# How do I model a system to use with a Kalman Filter?

So I have an accelerometer, gyroscope, magnetometer and GPS. I would like to use a Kalman filter to optimally measure speed, position, acceleration and orientation. I have done research and I need to model the system mathematically, however this is the part I have got stuck on.

Can anyone give me some pointers on how to proceed here, do I need to try and model the system using differential equations and then derive the parameters for my $\mathbf A, \mathbf B$, and $\mathbf H$ matrices from there?

Any guidance would be great, thanks.

• Hi! The most reader friendly book, on the subject of Kalman filtering, I found is this: "Fundamentals of Kalman Filtering_Practical Approach_ZARCHAN". I do recommend this for any serious beginners. It's a real pseudo-practical book without theoretical hassles and with nice examples and all clear simulation results that help you verify your own code. Repeats itself over and over with detailed graphics that enables you to write and check your own Kalman filters... Then you may proceed by reading other materials as well, such as Modeling of Dynamical systems... – Fat32 Feb 16 '17 at 12:41
• I suggest that you look at this video from Google tech talks that discusses using the sensors that you mentioned: (youtube.com/watch?v=C7JQ7Rpwn2k) In my opinion Interpreting the sensors data is not very straightforward. – Hooman Feb 16 '17 at 13:59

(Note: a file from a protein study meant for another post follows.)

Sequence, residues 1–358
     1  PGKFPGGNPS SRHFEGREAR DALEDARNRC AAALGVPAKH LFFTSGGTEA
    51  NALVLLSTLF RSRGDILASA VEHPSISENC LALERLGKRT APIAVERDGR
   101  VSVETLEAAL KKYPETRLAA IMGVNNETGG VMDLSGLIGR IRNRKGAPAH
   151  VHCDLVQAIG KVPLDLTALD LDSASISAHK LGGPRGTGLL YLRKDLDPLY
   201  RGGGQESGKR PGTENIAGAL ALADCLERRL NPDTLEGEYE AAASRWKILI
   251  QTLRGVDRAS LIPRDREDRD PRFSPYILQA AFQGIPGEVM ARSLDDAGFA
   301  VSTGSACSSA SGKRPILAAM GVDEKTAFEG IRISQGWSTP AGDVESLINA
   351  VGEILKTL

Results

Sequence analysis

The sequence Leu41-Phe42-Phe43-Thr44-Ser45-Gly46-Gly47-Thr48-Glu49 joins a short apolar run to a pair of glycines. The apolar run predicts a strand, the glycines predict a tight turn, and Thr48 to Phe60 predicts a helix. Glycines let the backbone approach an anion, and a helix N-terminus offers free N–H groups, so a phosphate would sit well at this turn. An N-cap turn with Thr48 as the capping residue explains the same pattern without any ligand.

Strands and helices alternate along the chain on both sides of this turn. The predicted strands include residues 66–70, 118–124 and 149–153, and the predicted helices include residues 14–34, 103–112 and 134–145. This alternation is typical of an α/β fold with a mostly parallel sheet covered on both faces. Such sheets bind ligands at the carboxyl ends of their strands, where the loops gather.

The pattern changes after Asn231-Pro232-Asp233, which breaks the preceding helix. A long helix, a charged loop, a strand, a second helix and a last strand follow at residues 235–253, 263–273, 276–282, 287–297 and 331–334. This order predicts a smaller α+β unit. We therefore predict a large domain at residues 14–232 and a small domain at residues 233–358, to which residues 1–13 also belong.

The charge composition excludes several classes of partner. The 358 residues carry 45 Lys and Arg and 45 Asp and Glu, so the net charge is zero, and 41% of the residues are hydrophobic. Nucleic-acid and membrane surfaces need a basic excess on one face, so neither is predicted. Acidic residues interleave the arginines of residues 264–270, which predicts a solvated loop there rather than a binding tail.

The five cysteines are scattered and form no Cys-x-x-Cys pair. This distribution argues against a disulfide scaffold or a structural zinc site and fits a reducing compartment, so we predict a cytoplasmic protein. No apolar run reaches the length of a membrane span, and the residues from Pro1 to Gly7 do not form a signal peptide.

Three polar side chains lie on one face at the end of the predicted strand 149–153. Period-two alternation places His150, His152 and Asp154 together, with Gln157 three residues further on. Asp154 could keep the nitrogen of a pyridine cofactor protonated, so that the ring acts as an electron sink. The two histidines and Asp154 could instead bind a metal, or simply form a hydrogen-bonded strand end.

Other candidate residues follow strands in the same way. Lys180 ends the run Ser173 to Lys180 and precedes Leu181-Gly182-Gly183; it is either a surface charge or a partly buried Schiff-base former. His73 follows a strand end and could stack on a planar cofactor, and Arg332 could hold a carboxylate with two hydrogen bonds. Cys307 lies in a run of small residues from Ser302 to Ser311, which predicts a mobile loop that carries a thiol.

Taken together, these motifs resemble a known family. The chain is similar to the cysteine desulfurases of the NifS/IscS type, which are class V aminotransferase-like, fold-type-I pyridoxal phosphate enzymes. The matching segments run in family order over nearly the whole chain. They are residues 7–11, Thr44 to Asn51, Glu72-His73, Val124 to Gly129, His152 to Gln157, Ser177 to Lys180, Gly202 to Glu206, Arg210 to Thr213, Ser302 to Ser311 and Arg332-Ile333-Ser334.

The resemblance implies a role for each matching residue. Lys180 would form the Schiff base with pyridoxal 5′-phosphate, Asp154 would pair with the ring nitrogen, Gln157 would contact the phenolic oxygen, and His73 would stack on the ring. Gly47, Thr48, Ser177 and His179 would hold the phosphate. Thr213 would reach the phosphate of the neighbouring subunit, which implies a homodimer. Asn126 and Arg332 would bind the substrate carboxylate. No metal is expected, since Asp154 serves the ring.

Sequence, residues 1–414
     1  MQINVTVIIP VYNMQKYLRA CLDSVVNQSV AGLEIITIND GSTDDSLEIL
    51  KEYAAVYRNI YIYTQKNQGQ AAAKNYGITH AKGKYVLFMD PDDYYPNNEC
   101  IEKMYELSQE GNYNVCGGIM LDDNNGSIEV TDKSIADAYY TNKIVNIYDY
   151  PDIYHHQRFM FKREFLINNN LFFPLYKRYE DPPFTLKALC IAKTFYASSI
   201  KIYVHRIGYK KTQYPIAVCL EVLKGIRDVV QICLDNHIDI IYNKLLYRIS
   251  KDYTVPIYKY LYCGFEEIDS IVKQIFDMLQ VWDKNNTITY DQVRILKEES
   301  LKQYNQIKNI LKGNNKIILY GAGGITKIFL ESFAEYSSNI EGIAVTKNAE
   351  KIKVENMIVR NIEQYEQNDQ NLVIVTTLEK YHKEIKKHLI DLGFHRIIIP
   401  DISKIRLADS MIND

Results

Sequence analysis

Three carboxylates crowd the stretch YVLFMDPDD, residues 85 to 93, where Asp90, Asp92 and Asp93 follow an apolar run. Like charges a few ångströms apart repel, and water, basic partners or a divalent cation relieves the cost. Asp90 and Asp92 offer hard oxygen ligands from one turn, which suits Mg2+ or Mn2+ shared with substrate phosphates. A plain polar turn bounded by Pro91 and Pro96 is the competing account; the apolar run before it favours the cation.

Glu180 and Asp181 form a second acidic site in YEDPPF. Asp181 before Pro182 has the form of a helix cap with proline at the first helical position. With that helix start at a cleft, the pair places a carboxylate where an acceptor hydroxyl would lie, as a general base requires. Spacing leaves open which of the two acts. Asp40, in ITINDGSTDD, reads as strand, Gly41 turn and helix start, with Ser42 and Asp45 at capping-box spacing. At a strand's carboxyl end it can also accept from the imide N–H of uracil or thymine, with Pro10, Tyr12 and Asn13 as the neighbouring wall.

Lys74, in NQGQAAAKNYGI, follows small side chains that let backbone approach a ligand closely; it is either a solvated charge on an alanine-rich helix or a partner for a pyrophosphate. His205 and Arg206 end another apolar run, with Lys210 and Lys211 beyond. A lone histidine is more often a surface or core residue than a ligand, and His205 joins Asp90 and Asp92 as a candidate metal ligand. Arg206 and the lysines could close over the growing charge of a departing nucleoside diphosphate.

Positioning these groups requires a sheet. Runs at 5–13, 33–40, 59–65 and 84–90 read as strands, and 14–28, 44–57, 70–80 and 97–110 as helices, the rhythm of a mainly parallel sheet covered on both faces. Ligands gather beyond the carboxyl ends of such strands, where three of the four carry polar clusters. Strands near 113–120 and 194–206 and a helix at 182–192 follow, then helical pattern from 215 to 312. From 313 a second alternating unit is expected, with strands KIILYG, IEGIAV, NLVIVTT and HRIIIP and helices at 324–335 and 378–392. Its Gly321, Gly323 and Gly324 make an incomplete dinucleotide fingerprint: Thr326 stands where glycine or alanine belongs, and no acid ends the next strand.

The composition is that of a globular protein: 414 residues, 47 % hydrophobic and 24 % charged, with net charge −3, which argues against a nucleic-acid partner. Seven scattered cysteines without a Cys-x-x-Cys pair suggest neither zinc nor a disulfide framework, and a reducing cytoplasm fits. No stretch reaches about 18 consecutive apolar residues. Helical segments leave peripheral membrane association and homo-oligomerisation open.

• This online book should help: github.com/rlabbe/Kalman-and-Bayesian-Filters-in-Python I think it is very practical and relatively easy to understand. If you are familiar with basics, you can skip initial parts. Part 7 and 8 are probably what you are looking for. – cya Mar 31 '17 at 14:22
• The key is finding the right coordinate system, world or device, and defining all relations between the parameters. The easiest one being acceleration and position, any textbook on Kalman will show you that. For experimentation, and validation of the equations, it would be helpfull to have real sensor data. At least for Android phones, there are plenty of tools that log data to a file. Offline analysis in matlab or python gives you lots of plotting posibilities to test your equations. – Mr. White Jul 30 '17 at 10:07